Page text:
WORLD

France trying to make world public opinion forget its dark history full of massacres

On Feb. 8, 1958, French military aircraft bombed Tunisia's northwestern town of Sakiet Sidi Youssef [was populated mainly by Tunisians and Algerians, many of whom had fled their homes during the conflict that began in 1954 between the French occupation and the Algerian resistance], and leaving almost 80 people -- including a great number of women and children --, dead during bloody air strikes.

Algeria and Tunisia last week both marked the anniversary of a massacre perpetrated by the French air forces that left scores dead more than six decades ago.

On Feb. 8, 1958, French military aircraft bombed Tunisia's northwestern town of Sakiet Sidi Youssef, located near the Algerian border.

According to witnesses, 27 French aircraft bombarded Sakiet Sidi Youssef for more than an hour, killing almost 80 people, including a number of women and children.

The town was populated mainly by Tunisians and Algerians, many of whom had fled their homes during the conflict that began in 1954 between the French occupation and the Algerian resistance.

In an effort to whitewash the atrocity, the French military announced that it had destroyed a resistance stronghold roughly 1.5 kilometers from Sakiet Sidi Youssef.

But when local and foreign journalists converged on the area, all they found was the flattened town, with the local school and marketplace lying in ruins.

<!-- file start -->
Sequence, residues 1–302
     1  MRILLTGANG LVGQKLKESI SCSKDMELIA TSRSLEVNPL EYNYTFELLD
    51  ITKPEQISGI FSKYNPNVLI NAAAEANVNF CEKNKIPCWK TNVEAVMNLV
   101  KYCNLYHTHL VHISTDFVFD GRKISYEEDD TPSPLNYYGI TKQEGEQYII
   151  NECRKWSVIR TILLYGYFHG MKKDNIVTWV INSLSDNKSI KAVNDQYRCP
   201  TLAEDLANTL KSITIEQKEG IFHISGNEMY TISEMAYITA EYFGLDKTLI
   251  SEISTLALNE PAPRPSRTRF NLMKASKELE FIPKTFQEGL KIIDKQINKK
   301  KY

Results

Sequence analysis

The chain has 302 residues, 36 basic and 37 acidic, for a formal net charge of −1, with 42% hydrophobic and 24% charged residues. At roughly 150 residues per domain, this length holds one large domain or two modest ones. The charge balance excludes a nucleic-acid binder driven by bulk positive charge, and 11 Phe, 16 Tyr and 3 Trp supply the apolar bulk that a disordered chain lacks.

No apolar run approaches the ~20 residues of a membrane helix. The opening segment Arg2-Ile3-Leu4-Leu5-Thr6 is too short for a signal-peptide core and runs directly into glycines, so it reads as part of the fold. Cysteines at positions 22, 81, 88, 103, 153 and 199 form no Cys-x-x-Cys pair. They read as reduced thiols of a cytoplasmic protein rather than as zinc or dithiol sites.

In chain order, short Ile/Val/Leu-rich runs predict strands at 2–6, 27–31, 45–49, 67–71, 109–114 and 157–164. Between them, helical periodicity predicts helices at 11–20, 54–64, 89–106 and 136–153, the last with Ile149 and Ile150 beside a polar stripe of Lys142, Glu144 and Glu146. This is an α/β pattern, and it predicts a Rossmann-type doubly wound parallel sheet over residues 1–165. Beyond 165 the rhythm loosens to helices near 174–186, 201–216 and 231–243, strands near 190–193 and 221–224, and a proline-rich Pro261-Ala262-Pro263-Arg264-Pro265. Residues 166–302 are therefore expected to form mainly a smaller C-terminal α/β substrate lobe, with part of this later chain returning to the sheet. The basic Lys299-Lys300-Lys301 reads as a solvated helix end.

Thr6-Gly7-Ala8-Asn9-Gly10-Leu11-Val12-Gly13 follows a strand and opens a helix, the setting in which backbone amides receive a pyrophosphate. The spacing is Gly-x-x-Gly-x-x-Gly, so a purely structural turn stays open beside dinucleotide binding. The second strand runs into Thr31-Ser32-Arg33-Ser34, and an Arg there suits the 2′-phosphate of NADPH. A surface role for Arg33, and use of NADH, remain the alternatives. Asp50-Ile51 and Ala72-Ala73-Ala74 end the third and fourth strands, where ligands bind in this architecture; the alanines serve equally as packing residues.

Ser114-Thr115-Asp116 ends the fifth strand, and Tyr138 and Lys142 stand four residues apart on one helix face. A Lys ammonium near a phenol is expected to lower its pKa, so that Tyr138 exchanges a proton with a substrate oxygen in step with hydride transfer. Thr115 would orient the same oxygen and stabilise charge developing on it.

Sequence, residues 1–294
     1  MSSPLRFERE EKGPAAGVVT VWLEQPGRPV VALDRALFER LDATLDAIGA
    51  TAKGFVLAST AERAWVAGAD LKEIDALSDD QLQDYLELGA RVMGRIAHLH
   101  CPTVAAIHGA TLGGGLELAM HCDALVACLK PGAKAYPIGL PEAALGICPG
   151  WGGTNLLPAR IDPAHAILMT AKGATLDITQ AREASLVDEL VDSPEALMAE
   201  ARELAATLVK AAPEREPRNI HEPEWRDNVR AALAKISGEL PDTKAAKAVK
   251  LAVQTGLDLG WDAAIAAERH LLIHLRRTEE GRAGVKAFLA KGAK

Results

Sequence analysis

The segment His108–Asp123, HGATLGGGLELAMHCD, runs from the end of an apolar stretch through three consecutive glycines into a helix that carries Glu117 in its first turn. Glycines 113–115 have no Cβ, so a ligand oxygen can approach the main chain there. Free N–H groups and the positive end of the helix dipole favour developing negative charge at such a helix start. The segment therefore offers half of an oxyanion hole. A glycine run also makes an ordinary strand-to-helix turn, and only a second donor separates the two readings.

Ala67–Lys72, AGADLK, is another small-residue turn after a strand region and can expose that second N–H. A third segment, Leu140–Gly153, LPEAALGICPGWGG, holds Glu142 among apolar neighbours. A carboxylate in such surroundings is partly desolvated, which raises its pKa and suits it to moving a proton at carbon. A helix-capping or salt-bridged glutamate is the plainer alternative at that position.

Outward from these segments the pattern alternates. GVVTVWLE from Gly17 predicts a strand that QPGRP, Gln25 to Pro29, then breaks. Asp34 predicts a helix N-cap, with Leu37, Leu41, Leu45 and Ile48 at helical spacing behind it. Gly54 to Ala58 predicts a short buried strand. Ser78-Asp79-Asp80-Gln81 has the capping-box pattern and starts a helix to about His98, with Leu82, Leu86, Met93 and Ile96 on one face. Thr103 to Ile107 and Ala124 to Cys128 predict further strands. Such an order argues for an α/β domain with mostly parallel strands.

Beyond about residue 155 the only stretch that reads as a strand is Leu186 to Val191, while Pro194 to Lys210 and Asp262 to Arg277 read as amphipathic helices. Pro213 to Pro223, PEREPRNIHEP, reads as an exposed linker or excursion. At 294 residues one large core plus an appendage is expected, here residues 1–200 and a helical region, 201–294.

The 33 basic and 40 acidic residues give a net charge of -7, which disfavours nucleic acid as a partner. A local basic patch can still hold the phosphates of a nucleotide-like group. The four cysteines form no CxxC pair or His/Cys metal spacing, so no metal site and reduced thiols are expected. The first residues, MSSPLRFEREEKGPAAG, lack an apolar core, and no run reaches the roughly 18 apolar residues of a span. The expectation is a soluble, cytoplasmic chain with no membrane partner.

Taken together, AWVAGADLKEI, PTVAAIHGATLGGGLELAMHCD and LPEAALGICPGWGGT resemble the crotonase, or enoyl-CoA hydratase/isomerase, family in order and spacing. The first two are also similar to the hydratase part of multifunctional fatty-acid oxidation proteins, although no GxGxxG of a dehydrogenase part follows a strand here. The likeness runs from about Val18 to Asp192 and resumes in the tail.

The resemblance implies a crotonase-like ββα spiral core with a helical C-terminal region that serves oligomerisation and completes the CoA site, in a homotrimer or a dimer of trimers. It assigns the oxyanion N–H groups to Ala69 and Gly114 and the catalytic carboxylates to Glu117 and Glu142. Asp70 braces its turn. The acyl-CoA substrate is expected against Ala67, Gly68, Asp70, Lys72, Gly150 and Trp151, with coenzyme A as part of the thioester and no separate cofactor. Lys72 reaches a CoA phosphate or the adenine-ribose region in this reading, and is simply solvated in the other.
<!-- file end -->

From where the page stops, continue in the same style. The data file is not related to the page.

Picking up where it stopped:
And they found no trace of the alleged "resistance stronghold", thus revealing the lies of French military propaganda.

While the international press managed to document the atrocities perpetrated against unarmed civilians, France tried to portray the bombing as an operation waged against Algeria's armed resistance.

In response, Tunisia lodged a complaint with the UN Security Council on Feb. 12, 1958, demanding that the world body formally register its condemnation of the French attack.

Following an international outcry, both the U.S. and the U.K. intervened to mediate between Tunis and Paris.

The massacre in Sakiet Sidi Youssef helped draw global attention to Algeria's fight against colonialism despite France's best efforts to suppress the affair.

And France does not appear to have learned much since then.

On the massacre's 61st anniversary last Friday, Paris -- instead of issuing a formal apology -- decided to set April 24 as a "national day" marking the so-called "Armenian genocide" of 1915.

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